12. Thanks for writing on this very valuable subject. The 20 pages rule can be applied only for the fast-reading material. When we have to take notes, prepare references, or note down the quotations to be used later on, it is doubtful if we can adhere to it regularly.

    Usually I keep two books as on-going reading material. One for studying and another for reading. This classification cannot always be very rigid but in a general way it helps. Sometimes we may stumble upon some serious matter in the books reserved as light material; that would be exception.

    I have found that two practices help us in reading fast. One is conscious prioritizing the books selected for reading in both the categories and committing ourselves to gain as much as possible from them. The next is trying to concentrate and ward off wandering thoughts.

  13. Well done . You always seem to come at rescue to whatever is bothering me. A perfect timing and solutions are seldom found to work on it immediately. Thankyou so much. Dig into more stuff that can help people relieve their worries and go with the flow of life.

  14. I’m starting tomorrow morning. Like you I usually read the things that I see before me on-line. I like the idea of proactive reading. Thanks for the great tip.

  15. I have been using the same process to read Marcel Proust – 4,000 odd pages of “In Search of Time Lost”. At the start I was daunted. However, instead of focusing on the 4,000 pages I made a commitment to read 10 pages a day … Ok it will take me a good year and a bit to get there – even if I stick to every day – which I haven’t – yet I am a long way into the book and having a real sense of accomplishment … I am now trying the getting up an hour earlier routine you have to fit in to do my business reading … also wonders what you accomplish by actually turning off the TV — in my case disconnecting it — so if I want to watch anything I have to make a conscious choice.

  16. Very easy, indeed. I am exactly as you were, James. I read A LOT, but mostly online articles and blog posts. Although, I am quite choosy when it comes to reading, I agree it is not a “b00k” quality.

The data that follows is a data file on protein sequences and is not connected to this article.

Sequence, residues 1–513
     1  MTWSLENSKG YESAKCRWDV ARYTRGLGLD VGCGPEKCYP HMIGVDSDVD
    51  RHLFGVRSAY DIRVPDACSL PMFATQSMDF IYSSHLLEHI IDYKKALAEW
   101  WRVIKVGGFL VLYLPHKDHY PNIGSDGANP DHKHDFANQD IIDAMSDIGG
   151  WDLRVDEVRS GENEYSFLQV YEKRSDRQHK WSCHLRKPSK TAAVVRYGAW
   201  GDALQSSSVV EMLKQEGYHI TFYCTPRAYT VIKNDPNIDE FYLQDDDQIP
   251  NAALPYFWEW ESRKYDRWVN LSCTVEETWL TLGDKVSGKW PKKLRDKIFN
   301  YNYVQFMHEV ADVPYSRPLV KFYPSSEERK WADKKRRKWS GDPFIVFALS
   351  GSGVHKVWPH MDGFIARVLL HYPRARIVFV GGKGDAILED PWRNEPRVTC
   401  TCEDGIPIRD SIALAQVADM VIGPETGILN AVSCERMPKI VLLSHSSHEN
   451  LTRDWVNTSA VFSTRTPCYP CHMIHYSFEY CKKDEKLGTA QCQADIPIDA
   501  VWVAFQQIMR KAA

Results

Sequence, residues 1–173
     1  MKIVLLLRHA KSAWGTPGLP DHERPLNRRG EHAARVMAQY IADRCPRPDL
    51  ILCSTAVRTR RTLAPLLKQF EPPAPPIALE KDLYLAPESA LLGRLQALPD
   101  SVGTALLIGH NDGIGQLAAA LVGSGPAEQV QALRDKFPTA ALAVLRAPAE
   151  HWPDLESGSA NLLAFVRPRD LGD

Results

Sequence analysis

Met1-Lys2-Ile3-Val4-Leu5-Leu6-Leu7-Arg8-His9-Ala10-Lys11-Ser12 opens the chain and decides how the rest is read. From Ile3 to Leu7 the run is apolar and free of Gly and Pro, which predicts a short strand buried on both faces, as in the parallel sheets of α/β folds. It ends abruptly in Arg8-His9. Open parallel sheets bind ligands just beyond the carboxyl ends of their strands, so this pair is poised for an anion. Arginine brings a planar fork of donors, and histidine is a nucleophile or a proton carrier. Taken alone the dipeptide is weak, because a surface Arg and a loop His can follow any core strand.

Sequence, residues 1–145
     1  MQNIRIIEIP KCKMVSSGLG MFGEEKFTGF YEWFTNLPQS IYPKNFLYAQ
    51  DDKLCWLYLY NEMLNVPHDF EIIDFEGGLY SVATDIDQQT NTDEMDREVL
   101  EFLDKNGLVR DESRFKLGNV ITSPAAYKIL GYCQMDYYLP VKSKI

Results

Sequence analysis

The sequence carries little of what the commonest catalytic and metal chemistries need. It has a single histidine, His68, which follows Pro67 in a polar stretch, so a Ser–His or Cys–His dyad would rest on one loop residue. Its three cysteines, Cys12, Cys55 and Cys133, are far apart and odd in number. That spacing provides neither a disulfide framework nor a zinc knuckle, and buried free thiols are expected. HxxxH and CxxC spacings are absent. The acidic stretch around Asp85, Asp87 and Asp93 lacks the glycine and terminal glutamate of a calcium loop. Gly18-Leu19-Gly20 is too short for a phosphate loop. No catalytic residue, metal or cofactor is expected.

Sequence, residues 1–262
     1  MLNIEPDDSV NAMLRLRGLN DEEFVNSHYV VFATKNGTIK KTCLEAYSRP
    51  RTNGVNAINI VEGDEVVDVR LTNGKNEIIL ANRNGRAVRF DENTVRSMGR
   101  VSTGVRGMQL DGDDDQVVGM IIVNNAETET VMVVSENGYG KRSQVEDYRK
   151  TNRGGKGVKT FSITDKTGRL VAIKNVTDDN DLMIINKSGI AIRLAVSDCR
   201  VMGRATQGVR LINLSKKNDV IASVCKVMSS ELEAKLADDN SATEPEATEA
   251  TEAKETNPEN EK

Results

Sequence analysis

As to my first hour of the day, for the last few months I’ve been trying to make writing my morning routine. I have to do it the old fashion way, pen and paper, because if I type on a computer, I am tempted to read something online.

    I’d love to try your system and give you feedback if you are interested. I can do both writing and reading in the morning. BTW, James, which one should I do first? It would be interesting to know your opinion.

    I studied Literature in college, and I was reading about 50 books a year. Now, I am down to shameful 5 or 7. I hope, your system will help me read more books.

    Thanks for sharing.

  17. James, this post is EXACTLY right. Reading 30 books in 2014 is one of my goals and I’m doing very well at so far. Among other titles, I’ve read several Dan Kennedy books on business, “Influence” and even some fiction (Frankenstein).

    Building on your comment about the first hour of the day, Charlie Munger comes to mind.
    ” He thought to himself, ‘Who’s my most valuable client?’ And he decided it was himself. So he decided to sell himself an hour each day. He did it early in the morning, working on these construction projects and real estate deals. Everybody should do this, be the client, and then work for other people, too, and sell yourself an hour a day.”

    That’s one of the best ways to look at it, especially if you are a services profession.

    • G’day Bruce
      What a wonderful comment. Thanks for passing on this tip. I’m a great believer in selling and this idea of ‘who is my most valuable client?’ is excellent.
      I’m rather old now and I did most of my financial reading back last century in the 80s and 90s. I can attest that it works. My commitment in those days was at least one book per month. I’ve now a large passive income and I’m still investing my time in reading books on business, finance and how to live a better life, even though I’ve been ‘retired’ for 7 years. ALL the good stuff I’ve learnt has been through books.